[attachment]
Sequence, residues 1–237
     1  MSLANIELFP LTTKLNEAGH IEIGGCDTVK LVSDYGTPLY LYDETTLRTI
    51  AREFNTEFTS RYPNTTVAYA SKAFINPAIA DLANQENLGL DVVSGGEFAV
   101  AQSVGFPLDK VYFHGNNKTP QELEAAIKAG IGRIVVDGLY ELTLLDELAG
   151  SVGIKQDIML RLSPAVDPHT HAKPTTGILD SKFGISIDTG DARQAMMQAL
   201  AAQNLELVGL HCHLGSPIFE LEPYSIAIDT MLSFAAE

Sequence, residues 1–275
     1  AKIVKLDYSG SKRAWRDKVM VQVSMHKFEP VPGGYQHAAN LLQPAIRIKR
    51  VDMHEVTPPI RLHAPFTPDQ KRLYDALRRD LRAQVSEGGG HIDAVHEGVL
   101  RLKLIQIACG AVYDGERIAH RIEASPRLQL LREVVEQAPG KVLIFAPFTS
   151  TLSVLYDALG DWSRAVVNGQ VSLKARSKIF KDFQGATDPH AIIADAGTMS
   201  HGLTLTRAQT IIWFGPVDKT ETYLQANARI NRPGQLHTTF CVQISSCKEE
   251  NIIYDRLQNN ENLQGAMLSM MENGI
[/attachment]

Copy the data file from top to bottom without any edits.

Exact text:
Sequence, residues 1–237
     1  MSLANIELFP LTTKLNEAGH IEIGGCDTVK LVSDYGTPLY LYDETTLRTI
    51  AREFNTEFTS RYPNTTVAYA SKAFINPAIA DLANQENLGL DVVSGGEFAV
   101  AQSVGFPLDK VYFHGNNKTP QELEAAIKAG IGRIVVDGLY ELTLLDELAG
   151  SVGIKQDIML RLSPAVDPHT HAKPTTGILD SKFGISIDTG DARQAMMQAL
   201  AAQNLELVGL HCHLGSPIFE LEPYSIAIDT MLSFAAE

Sequence, residues 1–275
     1  AKIVKLDYSG SKRAWRDKVM VQVSMHKFEP VPGGYQHAAN LLQPAIRIKR
    51  VDMHEVTPPI RLHAPFTPDQ KRLYDALRRD LRAQVSEGGG HIDAVHEGVL
   101  RLKLIQIACG AVYDGERIAH RIEASPRLQL LREVVEQAPG KVLIFAPFTS
   151  TLSVLYDALG DWSRAVVNGQ VSLKARSKIF KDFQGATDPH AIIADAGTMS
   201  HGLTLTRAQT IIWFGPVDKT ETYLQANARI NRPGQLHTTF CVQISSCKEE
   251  NIIYDRLQNN ENLQGAMLSM MENGI